Sen. Julian Carroll, of Frankfort, said the local workforce is ready to serve its newest company.

“This auto supplier will strengthen our community through new jobs and improvements to the local economy,” Sen. Carroll said. “We stand ready with a skilled workforce to meet the company’s needs and look forward to a long and prosperous partnership.”

Rep. Phillip Pratt, of Georgetown, said statewide, pro-business policy changes have made projects like this possible.

“The new jobs and economic opportunity that Pounds of Plastic is bringing to Owenton is the direct result of the pro-business, pro-jobs approach I have brought to Frankfort,” Rep. Pratt said. “These new jobs will bring increased economic opportunity for our families, and are just the latest addition to Kentucky’s manufacturing comeback. I’m proud of our efforts in Frankfort to promote policies that strengthen our economy and create this kind of good news for our working families.”

Mayor David Wotier noted the team effort necessary to make the project a reality.

“I speak on behalf of the city of Owenton: We are very excited to welcome Pounds of Plastic to Owenton,” Mayor Wotier said. “Their commitment has certainly been a breath of fresh air for us and will positively affect our economy. Thanks to all the hard work and diligent efforts of everyone at the Cabinet for Economic Development. There’s been a great spirit of teamwork involved.”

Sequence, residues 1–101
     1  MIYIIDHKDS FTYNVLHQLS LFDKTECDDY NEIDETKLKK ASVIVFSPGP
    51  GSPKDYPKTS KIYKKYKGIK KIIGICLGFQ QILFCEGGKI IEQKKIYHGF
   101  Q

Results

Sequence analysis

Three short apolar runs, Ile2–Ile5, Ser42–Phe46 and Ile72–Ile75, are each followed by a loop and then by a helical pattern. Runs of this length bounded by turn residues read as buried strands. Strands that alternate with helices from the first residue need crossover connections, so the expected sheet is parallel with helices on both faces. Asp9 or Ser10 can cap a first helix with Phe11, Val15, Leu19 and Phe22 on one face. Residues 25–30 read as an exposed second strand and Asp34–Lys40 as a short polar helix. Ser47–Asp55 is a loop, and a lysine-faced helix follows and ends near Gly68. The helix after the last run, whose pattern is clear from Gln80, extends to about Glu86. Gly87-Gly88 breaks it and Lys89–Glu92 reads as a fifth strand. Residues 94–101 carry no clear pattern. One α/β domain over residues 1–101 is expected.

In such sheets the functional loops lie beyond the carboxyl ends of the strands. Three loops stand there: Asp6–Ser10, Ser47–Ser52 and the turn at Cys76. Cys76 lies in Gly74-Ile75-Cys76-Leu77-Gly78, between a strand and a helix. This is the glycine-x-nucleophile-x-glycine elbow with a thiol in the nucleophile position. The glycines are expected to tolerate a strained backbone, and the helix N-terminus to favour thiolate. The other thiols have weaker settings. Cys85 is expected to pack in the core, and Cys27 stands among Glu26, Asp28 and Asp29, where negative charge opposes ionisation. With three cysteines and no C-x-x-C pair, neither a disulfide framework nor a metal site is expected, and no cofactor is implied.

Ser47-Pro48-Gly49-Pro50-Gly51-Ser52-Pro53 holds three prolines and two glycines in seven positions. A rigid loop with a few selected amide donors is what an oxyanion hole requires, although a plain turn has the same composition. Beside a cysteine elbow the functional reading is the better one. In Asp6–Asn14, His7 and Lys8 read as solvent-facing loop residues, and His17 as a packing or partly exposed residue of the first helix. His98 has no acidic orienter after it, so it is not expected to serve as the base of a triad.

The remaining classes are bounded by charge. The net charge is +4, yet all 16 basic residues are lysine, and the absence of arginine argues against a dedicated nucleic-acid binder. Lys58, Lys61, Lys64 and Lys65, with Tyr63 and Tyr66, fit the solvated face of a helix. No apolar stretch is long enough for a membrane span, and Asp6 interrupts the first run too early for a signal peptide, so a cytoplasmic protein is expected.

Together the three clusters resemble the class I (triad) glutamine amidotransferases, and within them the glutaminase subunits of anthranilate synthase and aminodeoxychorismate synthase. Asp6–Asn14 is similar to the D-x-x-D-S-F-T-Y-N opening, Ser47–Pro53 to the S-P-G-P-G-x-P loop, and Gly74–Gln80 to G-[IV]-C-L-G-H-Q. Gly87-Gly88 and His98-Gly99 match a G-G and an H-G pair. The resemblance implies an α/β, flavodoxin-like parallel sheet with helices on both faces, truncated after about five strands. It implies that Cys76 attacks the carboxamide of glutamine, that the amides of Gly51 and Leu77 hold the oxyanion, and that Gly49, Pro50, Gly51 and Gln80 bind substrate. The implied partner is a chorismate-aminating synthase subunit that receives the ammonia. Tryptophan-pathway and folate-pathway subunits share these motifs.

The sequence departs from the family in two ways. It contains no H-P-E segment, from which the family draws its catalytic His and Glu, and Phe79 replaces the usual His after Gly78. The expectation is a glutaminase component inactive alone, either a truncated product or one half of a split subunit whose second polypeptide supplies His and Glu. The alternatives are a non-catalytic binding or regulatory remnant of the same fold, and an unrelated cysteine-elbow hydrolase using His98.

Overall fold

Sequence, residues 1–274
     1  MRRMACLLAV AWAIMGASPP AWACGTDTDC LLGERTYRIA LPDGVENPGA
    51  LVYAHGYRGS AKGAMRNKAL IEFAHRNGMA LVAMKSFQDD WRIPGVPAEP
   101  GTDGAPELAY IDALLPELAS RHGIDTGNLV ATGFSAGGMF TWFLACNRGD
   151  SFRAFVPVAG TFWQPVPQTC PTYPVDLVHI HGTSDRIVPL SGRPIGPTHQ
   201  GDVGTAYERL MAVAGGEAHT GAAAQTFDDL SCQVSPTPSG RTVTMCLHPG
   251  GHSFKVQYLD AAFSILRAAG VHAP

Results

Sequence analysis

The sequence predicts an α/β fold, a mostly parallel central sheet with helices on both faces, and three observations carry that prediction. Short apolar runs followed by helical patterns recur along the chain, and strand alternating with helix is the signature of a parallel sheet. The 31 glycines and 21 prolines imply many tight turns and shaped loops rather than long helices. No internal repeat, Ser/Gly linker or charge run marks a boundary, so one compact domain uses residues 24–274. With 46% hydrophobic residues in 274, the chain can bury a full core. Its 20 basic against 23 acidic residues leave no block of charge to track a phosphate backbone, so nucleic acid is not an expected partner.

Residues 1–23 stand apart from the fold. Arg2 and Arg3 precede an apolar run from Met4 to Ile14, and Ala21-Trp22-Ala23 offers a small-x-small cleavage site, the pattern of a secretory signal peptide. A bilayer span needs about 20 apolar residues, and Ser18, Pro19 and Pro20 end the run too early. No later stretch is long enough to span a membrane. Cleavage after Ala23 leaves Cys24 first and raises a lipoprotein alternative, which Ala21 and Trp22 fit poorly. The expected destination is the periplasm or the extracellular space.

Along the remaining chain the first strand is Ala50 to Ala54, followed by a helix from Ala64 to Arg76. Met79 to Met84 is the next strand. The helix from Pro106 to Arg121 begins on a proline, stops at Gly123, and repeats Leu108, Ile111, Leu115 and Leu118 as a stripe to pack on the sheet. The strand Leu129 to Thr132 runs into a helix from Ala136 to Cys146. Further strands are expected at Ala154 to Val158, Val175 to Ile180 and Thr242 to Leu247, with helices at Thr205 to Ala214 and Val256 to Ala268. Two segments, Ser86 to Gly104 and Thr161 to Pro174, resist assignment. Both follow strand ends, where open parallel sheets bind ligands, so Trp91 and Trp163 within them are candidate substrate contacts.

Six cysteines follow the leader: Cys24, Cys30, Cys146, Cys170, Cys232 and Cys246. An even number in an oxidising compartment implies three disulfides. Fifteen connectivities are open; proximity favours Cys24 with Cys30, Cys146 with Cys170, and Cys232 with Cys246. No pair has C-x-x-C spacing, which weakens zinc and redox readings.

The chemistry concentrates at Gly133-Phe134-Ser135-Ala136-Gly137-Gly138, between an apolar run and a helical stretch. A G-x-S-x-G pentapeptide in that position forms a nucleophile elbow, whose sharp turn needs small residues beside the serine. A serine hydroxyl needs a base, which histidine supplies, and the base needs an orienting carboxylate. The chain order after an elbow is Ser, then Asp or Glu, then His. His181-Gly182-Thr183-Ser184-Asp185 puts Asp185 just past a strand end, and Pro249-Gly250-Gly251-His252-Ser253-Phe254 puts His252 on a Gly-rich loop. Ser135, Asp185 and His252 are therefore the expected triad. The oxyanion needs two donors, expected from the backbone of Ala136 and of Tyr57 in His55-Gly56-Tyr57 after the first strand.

Owen County Judge-Executive Casey Ellis said the arrival of Pounds of Plastic leads the way for new growth in the community.

“On behalf of the citizens of Owen County, I would like to thank Gov. Bevin for his leadership in assisting to expedite the commonwealth’s economic incentive package as well as Rich Pounds, president of Pounds of Plastic, for choosing Owen County for his first US manufacturing location,” Judge-Executive Ellis said. “The prospect of this many new jobs locating to Owen County is only the beginning in revitalizing our community with new economic growth opportunities.”

To encourage the investment and job growth in the community, the Kentucky Economic Development Finance Authority (KEDFA) on Thursday preliminarily approved the company for tax incentives up to $900,000 through the Kentucky Business Investment program. The performance-based incentive allows a company to keep a portion of its investment over the agreement term through corporate income tax credits and wage assessments by meeting job and investment targets.

In addition, Pounds of Plastic can receive resources from the Kentucky Skills Network. Through the Kentucky Skills Network, companies can receive no-cost recruitment and job placement services, reduced-cost customized training and job training incentives. In fiscal year 2017, the Kentucky Skills Network provided training for more than 120,000 Kentuckians and 5,700 companies from a variety of industry sectors.

Photo: Kentucky Education And Workforce Development Cabinet

Kentucky’s seasonally adjusted preliminary September 2018 unemployment rate was 4.5 percent, according to the Kentucky Center for Statistics (KYSTATS), an agency of the Kentucky Education and Workforce Development Cabinet. The unemployment rate for September 2018 was up from the 4.4 percent reported for August 2018.